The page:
Past & Present, Penn Foster Supports Women’s Education

Posted by Dara Warn on 12/9/15 11:00 AM

women studyingThe first women's rights convention was held in Seneca Falls, New York, in 1848. It marked the beginning of the official nationwide effort to advance women's rights, from being granted the right to vote and lobbying against job discrimination to the legal use of contraceptives, and it launched the modern feminist movement.

Equal educational opportunities also marked an achievement of significant progression for women. In 1967, federal agencies and contractors were required to take active measures to ensure women and other minorities received the same educational and employment opportunities as white men. This came as a result of President Lyndon Johnson's 1965 affirmative action policy to achieve equal opportunities in higher education and employment. Title IX of the Education Amendments became law in 1972, banning gender discrimination in schools, and women became entitled to the same educational and athletic opportunities as men.

Women's Institute of Domestic Arts and Sciences

Penn Foster, however, was already advocating education for women more than 50 years before Title IX was enacted. In 1920, Penn Foster — known then as the International Correspondence Schools (ICS) — provided opportunities for women to take correspondence courses by mail and to gain an education at the Women's Institute of Domestic Arts and Sciences. The Institute was founded in 1920, the same year the 19th Amendment to the Constitution was signed into law granting women the right to vote.

ICS's mission was to provide "practical men with a technical education, and technical men with a practical education." The establishment of the institute represented the mission's extension to provide this opportunity to the housewife and mother as well. According to the University of Scranton website: "At its peak, the International Correspondence Schools and its contemporaries offered many working men and women their only chance at 'education for success.'"3,4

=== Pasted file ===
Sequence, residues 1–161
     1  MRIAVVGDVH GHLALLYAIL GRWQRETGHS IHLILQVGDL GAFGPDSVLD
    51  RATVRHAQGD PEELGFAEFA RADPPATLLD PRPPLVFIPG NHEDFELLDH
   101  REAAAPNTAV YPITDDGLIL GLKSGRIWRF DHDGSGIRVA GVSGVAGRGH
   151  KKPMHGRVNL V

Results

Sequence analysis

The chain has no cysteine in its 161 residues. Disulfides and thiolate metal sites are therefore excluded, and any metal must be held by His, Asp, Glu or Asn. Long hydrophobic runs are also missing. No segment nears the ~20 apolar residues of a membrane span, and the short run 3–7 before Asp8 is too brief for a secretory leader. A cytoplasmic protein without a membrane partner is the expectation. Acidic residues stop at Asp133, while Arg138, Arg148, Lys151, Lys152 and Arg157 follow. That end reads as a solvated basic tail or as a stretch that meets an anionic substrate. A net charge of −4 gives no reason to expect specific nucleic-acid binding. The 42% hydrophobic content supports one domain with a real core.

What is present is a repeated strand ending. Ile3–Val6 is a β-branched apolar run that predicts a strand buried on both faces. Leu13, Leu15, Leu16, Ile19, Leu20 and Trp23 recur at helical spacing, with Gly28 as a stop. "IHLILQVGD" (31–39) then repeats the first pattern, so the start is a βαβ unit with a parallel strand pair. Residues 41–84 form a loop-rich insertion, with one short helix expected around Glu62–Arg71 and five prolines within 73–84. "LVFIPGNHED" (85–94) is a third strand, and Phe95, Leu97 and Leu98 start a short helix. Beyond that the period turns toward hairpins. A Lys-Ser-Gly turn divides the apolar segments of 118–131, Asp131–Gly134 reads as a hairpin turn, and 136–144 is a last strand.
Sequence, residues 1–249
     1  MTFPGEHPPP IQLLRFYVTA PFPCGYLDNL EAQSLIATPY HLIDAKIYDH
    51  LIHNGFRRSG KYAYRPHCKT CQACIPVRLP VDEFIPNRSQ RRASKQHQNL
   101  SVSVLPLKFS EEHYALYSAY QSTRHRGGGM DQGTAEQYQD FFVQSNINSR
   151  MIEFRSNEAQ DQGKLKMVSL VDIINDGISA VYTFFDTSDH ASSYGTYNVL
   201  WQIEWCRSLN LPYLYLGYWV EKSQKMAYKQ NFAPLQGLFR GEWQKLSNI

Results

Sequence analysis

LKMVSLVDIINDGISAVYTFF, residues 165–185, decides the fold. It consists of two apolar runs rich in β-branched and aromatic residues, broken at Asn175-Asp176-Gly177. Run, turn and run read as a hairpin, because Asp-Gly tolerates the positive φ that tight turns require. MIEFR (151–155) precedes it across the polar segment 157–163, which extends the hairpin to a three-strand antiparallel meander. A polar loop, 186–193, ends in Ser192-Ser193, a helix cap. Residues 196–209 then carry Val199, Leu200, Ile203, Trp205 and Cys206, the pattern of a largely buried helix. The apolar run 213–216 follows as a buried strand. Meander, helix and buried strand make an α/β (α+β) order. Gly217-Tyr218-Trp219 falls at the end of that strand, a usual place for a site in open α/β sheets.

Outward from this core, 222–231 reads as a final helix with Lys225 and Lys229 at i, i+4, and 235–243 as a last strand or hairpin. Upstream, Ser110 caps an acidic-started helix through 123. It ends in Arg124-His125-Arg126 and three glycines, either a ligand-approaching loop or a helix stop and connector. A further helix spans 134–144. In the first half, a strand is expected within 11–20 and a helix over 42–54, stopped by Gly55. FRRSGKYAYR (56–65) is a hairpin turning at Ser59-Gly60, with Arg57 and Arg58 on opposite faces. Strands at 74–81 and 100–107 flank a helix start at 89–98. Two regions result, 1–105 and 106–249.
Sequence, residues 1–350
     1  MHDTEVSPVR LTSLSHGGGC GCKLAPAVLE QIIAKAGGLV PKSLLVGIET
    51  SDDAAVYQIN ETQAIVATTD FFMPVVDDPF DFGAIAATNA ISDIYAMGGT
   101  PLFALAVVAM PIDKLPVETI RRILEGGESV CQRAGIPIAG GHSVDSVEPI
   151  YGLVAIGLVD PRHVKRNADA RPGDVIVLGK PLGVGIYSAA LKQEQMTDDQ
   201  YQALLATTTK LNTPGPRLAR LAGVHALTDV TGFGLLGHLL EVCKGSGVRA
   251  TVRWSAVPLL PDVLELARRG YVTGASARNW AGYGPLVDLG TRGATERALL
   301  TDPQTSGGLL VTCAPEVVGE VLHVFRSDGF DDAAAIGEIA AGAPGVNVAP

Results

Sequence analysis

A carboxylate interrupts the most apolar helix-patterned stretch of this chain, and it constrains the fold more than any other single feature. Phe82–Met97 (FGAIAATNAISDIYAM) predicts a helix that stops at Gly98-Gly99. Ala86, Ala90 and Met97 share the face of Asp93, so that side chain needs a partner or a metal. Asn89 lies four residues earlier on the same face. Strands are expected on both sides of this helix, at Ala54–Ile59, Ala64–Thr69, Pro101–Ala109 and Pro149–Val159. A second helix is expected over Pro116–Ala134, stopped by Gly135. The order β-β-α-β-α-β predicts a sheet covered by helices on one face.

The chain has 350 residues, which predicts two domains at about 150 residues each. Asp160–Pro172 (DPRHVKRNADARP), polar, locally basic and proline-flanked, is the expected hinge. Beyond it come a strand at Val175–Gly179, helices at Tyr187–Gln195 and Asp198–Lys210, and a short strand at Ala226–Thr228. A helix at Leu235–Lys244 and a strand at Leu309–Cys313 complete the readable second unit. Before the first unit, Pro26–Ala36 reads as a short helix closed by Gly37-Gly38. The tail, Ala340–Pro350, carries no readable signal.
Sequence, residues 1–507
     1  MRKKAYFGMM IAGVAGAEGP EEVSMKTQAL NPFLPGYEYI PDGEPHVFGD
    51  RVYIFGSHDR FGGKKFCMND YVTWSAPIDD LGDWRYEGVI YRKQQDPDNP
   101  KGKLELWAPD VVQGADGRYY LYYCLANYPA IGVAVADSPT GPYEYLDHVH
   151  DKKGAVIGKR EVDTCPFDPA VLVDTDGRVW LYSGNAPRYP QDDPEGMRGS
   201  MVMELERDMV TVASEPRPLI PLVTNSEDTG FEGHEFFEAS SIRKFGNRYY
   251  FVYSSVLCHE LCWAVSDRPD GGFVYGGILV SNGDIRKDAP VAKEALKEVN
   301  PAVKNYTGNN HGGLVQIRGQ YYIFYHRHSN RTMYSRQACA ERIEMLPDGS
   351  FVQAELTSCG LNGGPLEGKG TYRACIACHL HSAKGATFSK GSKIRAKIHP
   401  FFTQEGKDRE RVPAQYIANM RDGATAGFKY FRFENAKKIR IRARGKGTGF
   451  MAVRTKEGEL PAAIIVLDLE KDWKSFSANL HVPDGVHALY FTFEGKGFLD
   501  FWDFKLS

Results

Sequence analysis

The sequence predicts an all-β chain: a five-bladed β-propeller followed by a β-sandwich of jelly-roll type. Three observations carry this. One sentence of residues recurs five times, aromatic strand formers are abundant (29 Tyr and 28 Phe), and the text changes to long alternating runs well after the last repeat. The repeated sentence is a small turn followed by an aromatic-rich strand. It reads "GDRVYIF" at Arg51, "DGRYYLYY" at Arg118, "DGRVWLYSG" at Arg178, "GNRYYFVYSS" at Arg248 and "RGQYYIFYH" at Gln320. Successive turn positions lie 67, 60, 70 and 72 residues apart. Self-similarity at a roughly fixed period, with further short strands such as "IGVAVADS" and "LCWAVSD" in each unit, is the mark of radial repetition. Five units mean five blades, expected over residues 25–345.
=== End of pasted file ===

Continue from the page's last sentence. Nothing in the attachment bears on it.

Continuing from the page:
Project Working Mom

Fast forward to January 2008, when eLearners.com established Project Working Mom, a scholarship program developed to equip working moms with full scholarships to return to school. Phase one of Project Working Mom gave $2 million in scholarships to select recipients of more than 50,000 applicants. Penn Foster partnered with eLearners.com later in that same year for Project Working Mom 2, a second phase that granted an additional $2 million to working-mom applicants who may have been held back from pursuing a degree because of personal barriers such as time, money and confidence. These scholarships provided a gateway for working women with families to receive a free college education online.

The need for working moms to further their education to reach their goals was, and still is, imperative.5

Power of Online Learning

Penn Foster continues to support the educational advancement of women with an emphasis on quality online learning that's affordable and flexible. Penn Foster offers more than 100 self-paced, career-relevant programs for college and high school students. The convenience and accessibility of a Penn Foster education accommodates the diverse lives and various roles of women in particular.

The girl who left high school to care for her family, the professional woman seeking a career change or the stay-at-home mother who wants to re-enter the workforce with up-to-date job skills — all of these women can achieve their goals and improve their current circumstances by enrolling with Penn Foster. Online learning also accommodates busy schedules governed by outside responsibilities or a full-time job. High school and college programs all connect with Penn Foster's supportive online community of peers and faculty available 24/7.

Penn Foster has a long history of "helping hardworking people learn more." And Penn Foster's mission to help people acquire knowledge, skills and credentials that enable them to work toward goals, advance in a chosen field, start a new career and pursue lifelong learning remains the same today and tomorrow, for both men and women.3,6

Recommended for You: What's Missing from the College Completion Agenda that Could Benefit America's Economy - A Path to Get There

Resources: Photo credit. (1) Women's Rights Movement in the U.S. (2) Affirmative Action (3) Penn Foster Mission and History (4) International Correspondence Schools of Scranton (5) Penn Foster College Helps Working Moms Get Back to School (6) Why Penn Foster 

Topics: Penn Foster News & Events, Industry News

 

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